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Wolters Kluwer, CCH Debuts New “Quick Answers” Content Library and Previews Innovative CCH® IntelliConnect Direct

“Wolters Kluwer, CCH today announced the launch of “Quick Answers,” which features more than 2,000 answers to questions most often researched in IntelliConnect®, one of the industry’s most powerful research platforms for tax and accounting professionals. In addition, the company is previewing CCH® IntelliConnect Direct, a new universal platform research tool that provides clear and intuitive access to a wide variety of federal, state and international tax and accounting questions right when users need them As the newest content innovation from Wolters Kluwer, CCH, Quick Answers allows users of both CCH IntelliConnect Direct and IntelliConnect to spend less time looking for answers and more time helping their clients. Quick Answers provides immediate and succinct information on rules, rates and definitions as well as links to key charts and calculators before users review any documents, providing them clarity and saving time.”

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Hachette Group Book Shop Launches on Booksamillion.com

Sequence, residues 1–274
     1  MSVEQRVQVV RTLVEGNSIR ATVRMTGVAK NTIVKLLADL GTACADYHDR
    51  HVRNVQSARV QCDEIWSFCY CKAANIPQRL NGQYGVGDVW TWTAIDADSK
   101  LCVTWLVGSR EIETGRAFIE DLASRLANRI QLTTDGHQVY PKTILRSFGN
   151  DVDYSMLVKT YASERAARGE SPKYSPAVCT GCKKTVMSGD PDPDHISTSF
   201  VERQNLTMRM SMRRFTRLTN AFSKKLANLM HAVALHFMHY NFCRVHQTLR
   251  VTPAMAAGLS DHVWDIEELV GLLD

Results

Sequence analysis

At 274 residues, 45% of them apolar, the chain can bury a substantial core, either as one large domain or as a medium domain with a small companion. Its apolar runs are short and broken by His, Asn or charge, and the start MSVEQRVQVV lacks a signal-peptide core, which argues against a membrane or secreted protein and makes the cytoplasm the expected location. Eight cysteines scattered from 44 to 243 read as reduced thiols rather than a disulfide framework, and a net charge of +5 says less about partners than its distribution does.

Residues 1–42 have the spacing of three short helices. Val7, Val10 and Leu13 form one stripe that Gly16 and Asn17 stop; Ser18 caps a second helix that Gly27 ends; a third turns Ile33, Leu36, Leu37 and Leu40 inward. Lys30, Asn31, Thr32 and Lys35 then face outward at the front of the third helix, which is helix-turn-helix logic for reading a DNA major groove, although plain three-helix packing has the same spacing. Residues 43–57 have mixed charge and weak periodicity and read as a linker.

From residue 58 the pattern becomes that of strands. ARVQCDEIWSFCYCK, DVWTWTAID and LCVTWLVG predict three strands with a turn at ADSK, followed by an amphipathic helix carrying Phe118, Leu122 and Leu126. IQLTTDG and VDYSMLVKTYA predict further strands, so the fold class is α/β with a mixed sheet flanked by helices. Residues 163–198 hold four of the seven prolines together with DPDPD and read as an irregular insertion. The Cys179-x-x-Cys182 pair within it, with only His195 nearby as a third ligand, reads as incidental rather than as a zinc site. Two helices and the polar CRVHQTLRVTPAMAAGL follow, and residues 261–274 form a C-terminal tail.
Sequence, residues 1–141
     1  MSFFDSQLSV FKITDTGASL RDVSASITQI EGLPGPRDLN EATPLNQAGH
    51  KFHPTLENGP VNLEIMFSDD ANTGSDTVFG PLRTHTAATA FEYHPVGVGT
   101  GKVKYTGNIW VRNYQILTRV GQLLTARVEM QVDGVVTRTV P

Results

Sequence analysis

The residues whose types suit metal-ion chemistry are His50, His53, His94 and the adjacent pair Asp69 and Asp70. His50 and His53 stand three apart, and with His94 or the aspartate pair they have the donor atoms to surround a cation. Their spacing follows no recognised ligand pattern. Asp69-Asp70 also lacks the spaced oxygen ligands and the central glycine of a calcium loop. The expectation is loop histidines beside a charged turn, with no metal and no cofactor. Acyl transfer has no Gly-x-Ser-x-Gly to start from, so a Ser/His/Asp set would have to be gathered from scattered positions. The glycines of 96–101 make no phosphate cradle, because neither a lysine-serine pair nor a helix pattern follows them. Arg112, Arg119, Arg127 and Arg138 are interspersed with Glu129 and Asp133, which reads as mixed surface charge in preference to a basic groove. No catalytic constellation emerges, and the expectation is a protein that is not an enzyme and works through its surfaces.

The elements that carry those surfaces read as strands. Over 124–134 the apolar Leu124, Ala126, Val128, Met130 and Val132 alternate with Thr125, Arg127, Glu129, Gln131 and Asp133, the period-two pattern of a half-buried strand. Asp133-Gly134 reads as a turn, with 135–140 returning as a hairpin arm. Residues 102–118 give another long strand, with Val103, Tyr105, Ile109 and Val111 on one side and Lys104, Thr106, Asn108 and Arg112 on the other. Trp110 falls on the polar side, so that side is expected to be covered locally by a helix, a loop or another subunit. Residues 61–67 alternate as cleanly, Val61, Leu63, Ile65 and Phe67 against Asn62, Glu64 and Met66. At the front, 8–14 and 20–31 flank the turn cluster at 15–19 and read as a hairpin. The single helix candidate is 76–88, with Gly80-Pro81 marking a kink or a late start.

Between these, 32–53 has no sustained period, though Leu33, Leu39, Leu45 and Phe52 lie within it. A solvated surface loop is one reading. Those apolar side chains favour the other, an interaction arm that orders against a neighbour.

“Books-A-Million, Inc. (BAMM) today announced that they now have a shop on their website dedicated to Hachette titles, which can be found at www.booksamillion.com/hbg. This new feature spotlights well-known Hachette authors such as James Patterson, Scott Turow, David Sedaris, and T.D. Jakes among others. ” (via BusinessWire)

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Stanford University’s HighWire Press receives Growth Equity Investment from Accel-KKR

“HighWire Press, a technology service provider to influential scholarly publishers and an auxiliary unit of Stanford University Libraries, announced today it has received a significant equity investment to support its strategic growth from Accel-KKR, a leading technology-focused private equity firm. The new partnership enables HighWire to further its investment in strategic initiatives and digital innovations in Internet-based publishing.” (via Stanford University Libraries)

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Announcing: Perseus Books Now On Scribd!